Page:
In Part I of this article we described the dilemma for global platforms related to efficiency vs. flexibility and we outlined an “Agency-Cut” approach vs. “Supplier-Cut”.
Today we will focus on the technical aspects of the “Supplier-Cut” approach.
Things get more complex if an external partner can contribute his own project-specific components, templates or OSGi services. Obviously, this development must conform to the overall platform coding guidelines. To avoid conflicts with other external partners or even the platform owner - who is in charge of the centralized catalogue - you should consider a more sophisticated approach. Consider the following:
Development Process – Code separation
When working on multiple projects with multiple suppliers sharing the same configurations, it is more efficient to avoid duplicating code since this duplication increases the likelihood of defects, the cost of changes, and overall system rigidity. To prevent duplication, provide reusable libraries that can be used across multiple projects – here depicted as “Base V.x.” Also use the out-of-the-box foundation components from the AEM 6.X layer. These will be kindly updated by Adobe in upcoming releases.
"Example Website” demoing available capabilities of BASE V.x and providing sample code to agencies, and project specific artefacts
Base development provided by a central platform team:
General services and standardized components in a well-documented catalogue
Adobe Experience Manager 6.x
Standard software package with several APIs and Foundations Components from Adobe – see e.g. https://helpx.adobe.com/experience-manager/6-4/sites/authoring/using/default-components-foundation.html
Following this approach, we now have a centralized platform owner responsible for the Adobe AEM configuration, the code within BASE V.x and the code for the Example Website. External partners can create brand specific sites using BASE artefacts by either inheriting or copying the artefacts from BASE.
To avoid conflicts we need to separate the code/configuration for each “Brand” into the following folders (might differ depending on the features required):
This structure, which includes the necessary access for external partners, is provided by the platform owner.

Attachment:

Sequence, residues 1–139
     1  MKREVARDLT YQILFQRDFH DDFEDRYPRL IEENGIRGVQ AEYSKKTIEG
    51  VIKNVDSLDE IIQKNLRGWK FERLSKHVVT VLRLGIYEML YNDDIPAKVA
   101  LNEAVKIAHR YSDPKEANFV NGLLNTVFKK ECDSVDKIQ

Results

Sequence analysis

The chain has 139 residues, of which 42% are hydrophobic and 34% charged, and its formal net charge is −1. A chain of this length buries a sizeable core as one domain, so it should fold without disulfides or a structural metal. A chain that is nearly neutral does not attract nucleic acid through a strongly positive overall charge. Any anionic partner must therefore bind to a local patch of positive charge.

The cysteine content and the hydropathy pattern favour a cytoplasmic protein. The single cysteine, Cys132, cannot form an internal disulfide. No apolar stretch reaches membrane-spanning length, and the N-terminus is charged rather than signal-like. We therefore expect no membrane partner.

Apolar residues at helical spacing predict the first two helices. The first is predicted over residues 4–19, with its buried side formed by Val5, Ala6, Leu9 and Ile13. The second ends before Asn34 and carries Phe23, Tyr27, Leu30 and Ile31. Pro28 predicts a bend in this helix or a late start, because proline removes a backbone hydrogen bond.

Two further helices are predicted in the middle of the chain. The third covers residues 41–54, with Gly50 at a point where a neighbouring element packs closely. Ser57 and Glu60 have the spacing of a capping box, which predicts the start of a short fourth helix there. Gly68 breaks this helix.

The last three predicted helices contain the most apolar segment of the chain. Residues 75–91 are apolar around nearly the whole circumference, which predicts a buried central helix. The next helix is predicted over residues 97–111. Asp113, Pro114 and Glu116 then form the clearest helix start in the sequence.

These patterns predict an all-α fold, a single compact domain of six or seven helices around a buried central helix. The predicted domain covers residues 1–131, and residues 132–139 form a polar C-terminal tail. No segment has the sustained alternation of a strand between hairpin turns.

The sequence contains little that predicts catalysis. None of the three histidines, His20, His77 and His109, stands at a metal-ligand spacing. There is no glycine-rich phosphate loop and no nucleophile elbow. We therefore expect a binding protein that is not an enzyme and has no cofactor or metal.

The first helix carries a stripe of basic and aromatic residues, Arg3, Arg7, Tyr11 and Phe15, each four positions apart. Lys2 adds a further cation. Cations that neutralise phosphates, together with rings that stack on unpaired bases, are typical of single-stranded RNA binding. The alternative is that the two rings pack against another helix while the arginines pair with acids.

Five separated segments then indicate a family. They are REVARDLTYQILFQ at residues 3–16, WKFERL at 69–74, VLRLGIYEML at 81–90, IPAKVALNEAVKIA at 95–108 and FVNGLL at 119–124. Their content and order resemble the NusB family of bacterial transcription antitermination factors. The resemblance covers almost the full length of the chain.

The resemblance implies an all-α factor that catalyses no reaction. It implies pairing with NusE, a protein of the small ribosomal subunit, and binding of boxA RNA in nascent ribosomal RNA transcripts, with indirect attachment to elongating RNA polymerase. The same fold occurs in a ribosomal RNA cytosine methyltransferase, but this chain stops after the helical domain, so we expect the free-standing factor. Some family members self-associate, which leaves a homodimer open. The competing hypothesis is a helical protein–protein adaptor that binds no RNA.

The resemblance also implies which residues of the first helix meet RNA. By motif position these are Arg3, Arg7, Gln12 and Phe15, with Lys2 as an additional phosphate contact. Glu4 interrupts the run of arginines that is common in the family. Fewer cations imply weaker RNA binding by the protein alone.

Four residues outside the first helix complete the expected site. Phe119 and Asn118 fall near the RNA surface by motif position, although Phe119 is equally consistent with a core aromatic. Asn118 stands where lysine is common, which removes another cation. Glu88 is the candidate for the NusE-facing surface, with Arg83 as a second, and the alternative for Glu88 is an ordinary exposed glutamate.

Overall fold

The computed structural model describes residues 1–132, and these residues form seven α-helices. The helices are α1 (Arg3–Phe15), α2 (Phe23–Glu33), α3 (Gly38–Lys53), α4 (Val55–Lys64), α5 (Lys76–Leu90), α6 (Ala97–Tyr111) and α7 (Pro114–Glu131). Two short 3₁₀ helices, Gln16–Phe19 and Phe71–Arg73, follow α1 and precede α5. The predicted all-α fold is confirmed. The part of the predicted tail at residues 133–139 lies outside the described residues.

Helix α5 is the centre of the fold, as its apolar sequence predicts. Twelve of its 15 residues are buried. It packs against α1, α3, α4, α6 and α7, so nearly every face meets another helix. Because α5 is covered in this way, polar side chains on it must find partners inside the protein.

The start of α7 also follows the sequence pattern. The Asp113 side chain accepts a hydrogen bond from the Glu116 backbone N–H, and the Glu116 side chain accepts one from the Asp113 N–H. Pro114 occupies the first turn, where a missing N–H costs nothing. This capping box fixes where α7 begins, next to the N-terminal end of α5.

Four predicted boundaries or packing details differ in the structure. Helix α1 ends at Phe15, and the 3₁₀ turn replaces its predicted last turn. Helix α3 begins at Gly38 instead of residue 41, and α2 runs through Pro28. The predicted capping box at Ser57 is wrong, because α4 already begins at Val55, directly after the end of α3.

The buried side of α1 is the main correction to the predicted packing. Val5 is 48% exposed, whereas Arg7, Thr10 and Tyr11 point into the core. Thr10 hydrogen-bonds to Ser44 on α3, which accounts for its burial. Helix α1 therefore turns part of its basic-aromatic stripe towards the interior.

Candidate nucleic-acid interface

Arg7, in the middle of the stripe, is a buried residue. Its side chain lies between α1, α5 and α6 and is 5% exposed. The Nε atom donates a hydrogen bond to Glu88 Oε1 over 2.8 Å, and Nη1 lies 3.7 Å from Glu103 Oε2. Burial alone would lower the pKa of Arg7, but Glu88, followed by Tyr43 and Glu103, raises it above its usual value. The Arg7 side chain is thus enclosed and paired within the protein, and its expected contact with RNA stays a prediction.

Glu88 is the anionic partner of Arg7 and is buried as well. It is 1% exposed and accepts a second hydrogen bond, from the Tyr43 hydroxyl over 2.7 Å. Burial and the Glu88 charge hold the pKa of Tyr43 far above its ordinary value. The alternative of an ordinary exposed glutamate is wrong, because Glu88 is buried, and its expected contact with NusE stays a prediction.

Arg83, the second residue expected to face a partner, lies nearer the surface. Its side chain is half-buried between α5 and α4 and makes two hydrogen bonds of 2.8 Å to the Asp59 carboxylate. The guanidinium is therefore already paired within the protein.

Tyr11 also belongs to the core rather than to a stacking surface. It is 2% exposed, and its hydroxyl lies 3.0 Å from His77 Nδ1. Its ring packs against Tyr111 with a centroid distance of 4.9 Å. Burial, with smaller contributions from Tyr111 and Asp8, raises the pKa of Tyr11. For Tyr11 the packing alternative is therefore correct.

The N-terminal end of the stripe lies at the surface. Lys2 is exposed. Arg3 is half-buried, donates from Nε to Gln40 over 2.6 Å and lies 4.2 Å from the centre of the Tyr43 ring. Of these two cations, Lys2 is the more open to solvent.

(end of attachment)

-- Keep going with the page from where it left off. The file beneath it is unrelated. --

But now we face a second challenge: each external partner works in its own repository and must be able to deploy releases independently to the various environments.
Consequently, something must be in place to keep the various repositories synchronized when working on a) evolutions, b) maintenance fixes, and c) so-called “overlays” (i.e. general changes in the AEM functionality achieved by overriding native features of AEM). The latter are evil for the platform owner because overlays may affect the whole platform. Additionally, overlays are not in the migration path for the Adobe product team and thus often create severe migration problems when new updates of AEM become available.
A valid approach to adding new artefacts to Base while keeping repositories in sync is depicted here:
This mechanism can be extended to multiple suppliers:
- The Base and Example repository is forked to the external partner repository.
- Commits to the Base and Example repository branches are automatically replicated to the external partner project repository.
- Commits to the partner repository must be merged manually to the central repository with a Pull Request (PR).
- Packaging and deployment are always performed from the central branches.
- The suppliers can manage more branches in order to isolate new features. When a feature is ready the branch is merged to the central “develop” branch.
Multisite Manager (MSM)
Obviously, it is a good idea to use the powerful Adobe MSM module to manage all the inherited content across the entire platform. Different configurations are possible for companies with content that spans multiple brands and geographical regions. First, it should be clarified whether the inheritance is driven rather by the page structure or simply by the master content pages that can be directly inherited. Therefore, a closer look at the Swiss product pages – with three active languages – might be helpful. Typically, you will find in your MSM settings a content master in English and Live Copies serving as language masters for German, French, Italian, etc. You now have two options: either you inherit directly from the language masters and localize then on the lowest level. This is only efficient if the structure of the Italian site (for which the Italian language master is provided) is similar to the Swiss/Italian site (inheritance of content). However, if the structure of the Swiss language sites follows, for example, the French structure, then it would probably be more efficient to create the German and Italian Live Copy from the Swiss/French version. Finally, you have all flavours in between these models which comes along when using translation engines with translation memories.But this is worth another article …